Think back to this time last year. Tyler Colvin had put the Rockies on notice. He was a young stud who had figured it out, and they had to find a way to create playing time for him.
Now here we are, October 8th 2013, and Colvin is not a member of the team at all. After clearing waivers, being out-righted from the 40 man roster, and pretty much hitting rock bottom, he has elected to become a free agent.
— Matt Eddy (@MattEddyBA) October 4, 2013
The crazy part is, the Rockies have a need that Colvin seemed an ideal candidate to fill last than 12 months ago. A glaring need. Even still, Colvin’s fall was so drastic that the Rockies let him go to pursue other options. See his .160 average with 27 Ks in only 78 plate appearances in 2013.
If ever there was a guy the Rockies should have traded high on, it was Colvin. I’m going to take a page out of the Bill Simmons playbook and quote myself now. I wrote the following on March 29th of this year:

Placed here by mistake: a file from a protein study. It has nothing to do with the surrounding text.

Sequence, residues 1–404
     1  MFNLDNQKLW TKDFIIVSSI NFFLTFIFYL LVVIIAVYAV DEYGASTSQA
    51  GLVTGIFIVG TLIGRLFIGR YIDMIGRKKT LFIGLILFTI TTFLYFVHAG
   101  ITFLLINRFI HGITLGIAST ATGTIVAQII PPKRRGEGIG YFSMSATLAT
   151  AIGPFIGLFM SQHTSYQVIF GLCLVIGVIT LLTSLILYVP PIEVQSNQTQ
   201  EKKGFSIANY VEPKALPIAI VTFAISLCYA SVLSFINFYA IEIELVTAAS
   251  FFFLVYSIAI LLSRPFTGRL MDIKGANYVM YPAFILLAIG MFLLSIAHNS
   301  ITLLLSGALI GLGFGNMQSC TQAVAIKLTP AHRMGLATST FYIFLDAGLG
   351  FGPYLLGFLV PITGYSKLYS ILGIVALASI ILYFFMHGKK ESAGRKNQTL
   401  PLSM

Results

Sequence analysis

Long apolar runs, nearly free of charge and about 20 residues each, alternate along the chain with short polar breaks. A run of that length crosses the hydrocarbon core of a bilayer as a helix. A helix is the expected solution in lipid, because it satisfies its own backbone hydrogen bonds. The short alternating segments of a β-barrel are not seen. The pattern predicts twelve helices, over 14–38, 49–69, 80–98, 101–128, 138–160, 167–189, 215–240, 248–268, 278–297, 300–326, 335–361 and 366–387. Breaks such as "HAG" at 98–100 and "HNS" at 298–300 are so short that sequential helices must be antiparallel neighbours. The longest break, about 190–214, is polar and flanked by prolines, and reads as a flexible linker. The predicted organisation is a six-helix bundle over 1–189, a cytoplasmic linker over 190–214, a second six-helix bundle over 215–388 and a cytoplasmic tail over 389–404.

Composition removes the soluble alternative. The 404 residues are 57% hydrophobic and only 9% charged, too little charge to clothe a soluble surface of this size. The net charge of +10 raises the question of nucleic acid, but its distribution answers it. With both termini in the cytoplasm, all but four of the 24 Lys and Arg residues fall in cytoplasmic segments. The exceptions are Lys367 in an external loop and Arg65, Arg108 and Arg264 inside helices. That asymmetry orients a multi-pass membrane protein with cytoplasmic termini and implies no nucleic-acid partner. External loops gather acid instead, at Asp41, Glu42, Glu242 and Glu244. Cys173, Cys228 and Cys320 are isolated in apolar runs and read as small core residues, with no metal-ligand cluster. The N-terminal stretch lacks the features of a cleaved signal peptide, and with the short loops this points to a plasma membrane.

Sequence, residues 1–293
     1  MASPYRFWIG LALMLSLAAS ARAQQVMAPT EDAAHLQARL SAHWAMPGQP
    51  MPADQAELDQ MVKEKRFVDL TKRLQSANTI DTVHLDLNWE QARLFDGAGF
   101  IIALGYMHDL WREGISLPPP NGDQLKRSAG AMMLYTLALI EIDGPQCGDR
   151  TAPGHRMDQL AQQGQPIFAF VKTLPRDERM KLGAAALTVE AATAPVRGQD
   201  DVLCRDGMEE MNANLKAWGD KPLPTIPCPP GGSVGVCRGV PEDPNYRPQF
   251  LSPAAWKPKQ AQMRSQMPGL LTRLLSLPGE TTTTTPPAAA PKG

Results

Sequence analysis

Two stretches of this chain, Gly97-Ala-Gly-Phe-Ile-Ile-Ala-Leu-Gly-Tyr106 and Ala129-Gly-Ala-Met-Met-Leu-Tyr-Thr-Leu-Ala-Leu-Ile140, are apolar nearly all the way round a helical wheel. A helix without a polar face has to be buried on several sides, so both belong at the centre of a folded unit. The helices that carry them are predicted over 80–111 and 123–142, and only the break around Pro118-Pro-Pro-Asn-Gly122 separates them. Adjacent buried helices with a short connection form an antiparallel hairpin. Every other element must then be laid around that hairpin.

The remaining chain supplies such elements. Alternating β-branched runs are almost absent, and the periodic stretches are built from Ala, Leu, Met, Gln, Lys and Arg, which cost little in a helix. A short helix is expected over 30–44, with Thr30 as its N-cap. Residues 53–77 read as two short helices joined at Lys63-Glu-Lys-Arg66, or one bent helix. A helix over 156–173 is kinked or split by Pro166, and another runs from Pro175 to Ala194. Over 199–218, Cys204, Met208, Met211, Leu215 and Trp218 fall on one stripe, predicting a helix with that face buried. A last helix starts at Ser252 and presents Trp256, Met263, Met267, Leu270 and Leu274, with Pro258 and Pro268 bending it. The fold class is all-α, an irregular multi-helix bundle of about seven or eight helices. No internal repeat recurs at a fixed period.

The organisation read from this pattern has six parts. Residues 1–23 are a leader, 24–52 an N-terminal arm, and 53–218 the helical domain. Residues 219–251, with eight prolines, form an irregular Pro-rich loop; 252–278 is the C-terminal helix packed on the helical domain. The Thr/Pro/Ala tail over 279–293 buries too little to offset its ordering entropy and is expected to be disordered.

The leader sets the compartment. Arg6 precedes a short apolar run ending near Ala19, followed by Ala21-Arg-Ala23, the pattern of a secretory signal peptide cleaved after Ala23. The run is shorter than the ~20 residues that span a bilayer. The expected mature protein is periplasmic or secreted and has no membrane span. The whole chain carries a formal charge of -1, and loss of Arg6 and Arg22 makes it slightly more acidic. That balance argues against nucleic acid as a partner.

The case for trading Colvin
Even with a woeful spring (.167 avg, 0 HR), trading Colvin now would capitalize on the opportunity to sell high. He posted a .858 OPS as a 2.3 WAR player last season, stellar numbers from a player who spent much of the year platooning in the outfield and at first base. The Rockies have a surplus of options at both of those positions, with the emergence of Eric Young Jr. as a 4th outfielder and Jordan Pacheco eager to snag spot starts at first. Because Colvin is a younger player, the Rockies might actually be able to get a decent return for him. When it comes to selling high, Colvin’s up and down career might provide extra incentive. It would give the team a chance to get something for him now in case he does regress (likely) or if his production craters as it did in 2011 (less likely, but a possibility).
And then a not-so-funny thing happened. His production did crater , his value bottomed out, and the Rockies got nothing from him or for him. Of course if he was here and had maintained his production, this season might have been different altogether, so I guess we shouldn’t be too hard on the front office.